In addition to that, what we would have done differently is made sure that the students had more of a relationship with the elementary school teacher through the process. Some skills were perfectly aligned with the students interacting with it, and some were not quite there yet. So I would want to have more of that teacher-to-student relationship and feedback loop to make sure the skills are able to fully meet their expectations.
Q6: Do you have any words of advice for other teachers who want to implement Voiceflow projects into their classrooms?
Nikki: My best piece of advice would be to put the learning in the student's hands. I think a lot of us are fearful of the unknown, right? When we don't know something, we feel like we can't help our students with it. This was the perfect example of being able to learn alongside the students the entire time. I would say to definitely give it a try. The limits are endless with what they can do with the program.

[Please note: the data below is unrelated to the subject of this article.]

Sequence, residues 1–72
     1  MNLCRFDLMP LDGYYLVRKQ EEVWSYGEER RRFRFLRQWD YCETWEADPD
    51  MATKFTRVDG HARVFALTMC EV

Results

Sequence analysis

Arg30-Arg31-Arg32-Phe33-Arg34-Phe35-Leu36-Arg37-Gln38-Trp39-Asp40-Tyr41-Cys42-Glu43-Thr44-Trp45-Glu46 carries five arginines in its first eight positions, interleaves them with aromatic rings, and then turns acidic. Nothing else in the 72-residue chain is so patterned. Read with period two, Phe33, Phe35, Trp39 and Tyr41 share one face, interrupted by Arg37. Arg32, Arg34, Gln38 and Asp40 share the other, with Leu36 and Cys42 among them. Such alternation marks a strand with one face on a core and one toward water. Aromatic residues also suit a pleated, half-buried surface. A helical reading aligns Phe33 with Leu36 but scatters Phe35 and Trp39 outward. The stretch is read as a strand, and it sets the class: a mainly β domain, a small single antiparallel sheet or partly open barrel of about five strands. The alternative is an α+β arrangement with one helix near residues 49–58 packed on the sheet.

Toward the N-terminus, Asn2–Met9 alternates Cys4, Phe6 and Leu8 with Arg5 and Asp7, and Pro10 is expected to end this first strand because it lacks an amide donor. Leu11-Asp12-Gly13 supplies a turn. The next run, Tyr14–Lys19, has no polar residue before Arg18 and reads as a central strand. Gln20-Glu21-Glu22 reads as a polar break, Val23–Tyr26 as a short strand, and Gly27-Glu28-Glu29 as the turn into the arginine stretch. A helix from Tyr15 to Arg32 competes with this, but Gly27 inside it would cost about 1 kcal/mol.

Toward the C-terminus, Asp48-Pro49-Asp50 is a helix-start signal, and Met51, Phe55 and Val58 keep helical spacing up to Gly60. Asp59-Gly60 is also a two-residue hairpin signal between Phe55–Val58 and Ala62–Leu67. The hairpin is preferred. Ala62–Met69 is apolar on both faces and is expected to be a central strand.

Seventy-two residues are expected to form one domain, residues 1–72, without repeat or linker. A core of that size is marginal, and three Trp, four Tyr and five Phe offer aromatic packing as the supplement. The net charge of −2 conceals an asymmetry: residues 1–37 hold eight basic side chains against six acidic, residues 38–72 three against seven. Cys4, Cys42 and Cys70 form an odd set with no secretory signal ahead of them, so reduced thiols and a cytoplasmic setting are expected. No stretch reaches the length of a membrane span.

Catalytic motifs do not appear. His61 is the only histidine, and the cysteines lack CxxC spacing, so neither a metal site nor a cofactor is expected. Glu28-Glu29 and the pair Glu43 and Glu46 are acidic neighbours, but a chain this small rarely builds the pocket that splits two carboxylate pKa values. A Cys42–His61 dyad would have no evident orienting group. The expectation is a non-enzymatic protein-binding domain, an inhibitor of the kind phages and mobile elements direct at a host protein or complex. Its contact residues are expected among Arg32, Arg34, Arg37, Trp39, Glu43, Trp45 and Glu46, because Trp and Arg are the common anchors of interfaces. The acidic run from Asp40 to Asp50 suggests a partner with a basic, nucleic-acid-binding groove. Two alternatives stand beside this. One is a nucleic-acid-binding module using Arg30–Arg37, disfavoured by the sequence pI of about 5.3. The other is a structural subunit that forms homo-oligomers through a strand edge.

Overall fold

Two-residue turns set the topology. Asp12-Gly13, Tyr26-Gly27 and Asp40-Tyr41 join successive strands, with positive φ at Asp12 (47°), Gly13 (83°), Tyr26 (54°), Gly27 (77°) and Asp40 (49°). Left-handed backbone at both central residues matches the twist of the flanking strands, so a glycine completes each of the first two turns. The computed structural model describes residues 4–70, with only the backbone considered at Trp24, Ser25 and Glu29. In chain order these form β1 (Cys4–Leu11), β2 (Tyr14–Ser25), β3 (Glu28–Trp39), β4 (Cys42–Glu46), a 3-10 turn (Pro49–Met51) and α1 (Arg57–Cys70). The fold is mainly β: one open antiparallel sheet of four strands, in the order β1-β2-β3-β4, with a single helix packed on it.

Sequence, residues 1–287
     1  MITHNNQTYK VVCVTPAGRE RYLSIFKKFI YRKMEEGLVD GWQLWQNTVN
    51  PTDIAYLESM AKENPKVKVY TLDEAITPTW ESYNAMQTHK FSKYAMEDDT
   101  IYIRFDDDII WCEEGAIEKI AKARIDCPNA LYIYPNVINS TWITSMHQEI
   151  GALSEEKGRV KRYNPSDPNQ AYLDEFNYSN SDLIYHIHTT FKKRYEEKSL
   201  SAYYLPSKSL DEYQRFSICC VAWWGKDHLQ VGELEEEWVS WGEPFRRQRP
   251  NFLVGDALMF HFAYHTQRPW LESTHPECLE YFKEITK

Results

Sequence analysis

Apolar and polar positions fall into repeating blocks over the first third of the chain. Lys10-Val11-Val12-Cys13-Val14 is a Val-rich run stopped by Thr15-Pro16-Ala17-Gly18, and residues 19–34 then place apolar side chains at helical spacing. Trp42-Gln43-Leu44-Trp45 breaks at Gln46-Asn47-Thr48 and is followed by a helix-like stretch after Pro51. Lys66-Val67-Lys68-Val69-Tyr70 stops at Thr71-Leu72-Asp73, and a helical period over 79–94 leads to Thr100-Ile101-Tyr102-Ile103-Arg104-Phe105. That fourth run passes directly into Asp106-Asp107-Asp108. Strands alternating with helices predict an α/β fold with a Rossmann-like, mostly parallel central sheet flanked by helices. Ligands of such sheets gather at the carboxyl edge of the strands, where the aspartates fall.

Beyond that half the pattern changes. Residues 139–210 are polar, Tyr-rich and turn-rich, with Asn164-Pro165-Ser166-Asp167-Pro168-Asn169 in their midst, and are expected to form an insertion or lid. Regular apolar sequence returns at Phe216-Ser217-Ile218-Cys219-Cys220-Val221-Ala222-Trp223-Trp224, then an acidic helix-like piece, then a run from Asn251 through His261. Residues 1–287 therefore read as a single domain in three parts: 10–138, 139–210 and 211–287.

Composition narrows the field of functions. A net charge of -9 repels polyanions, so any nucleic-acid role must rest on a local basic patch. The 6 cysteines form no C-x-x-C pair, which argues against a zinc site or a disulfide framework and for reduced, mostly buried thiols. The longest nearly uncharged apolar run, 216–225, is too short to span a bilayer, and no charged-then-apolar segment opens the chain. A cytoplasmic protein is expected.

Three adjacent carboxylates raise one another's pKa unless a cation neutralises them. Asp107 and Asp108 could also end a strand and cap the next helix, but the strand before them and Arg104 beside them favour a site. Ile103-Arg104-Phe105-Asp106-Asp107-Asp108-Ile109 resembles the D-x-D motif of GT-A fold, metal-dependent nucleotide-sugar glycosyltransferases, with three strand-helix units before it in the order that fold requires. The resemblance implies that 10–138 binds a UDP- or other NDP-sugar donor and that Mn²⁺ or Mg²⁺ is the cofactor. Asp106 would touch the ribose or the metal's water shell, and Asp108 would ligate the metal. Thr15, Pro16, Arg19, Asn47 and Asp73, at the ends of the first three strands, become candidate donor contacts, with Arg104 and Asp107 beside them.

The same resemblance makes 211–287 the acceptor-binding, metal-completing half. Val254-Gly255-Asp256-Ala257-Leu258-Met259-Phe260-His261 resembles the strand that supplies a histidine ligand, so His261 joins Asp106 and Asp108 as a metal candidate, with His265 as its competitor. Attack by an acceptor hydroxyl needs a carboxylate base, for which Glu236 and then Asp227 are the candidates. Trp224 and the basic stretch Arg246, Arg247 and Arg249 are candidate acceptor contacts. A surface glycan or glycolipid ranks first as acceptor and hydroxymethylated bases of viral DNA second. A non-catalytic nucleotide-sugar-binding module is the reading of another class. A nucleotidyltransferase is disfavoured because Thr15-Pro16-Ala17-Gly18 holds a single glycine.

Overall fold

Start small, like we did in the spring to get their feet wet with it, and then take off by designing a meaningful project for them. You'll really be surprised with what your students are capable of because we were blown away by what our students were able to do.
Check Out Some Of The Student's Skills
- Times Table Trivia - Lizzy Qian, Zora Mardjoko, Katherine Li
- 2-Digit Math Facts - Danielle Clayton, Riti Gupta, Abby Deal
- Elementary Class Meeting - Brandon Lipson, Justin Macchiarelli, Sam Bennett
- BHM (Black History Month) Facts - Omkar Sahoo and Ben Torregiani
🚨 Interested in collaborating with Voiceflow and introducing conversation design in your classroom? Contact our team for more information.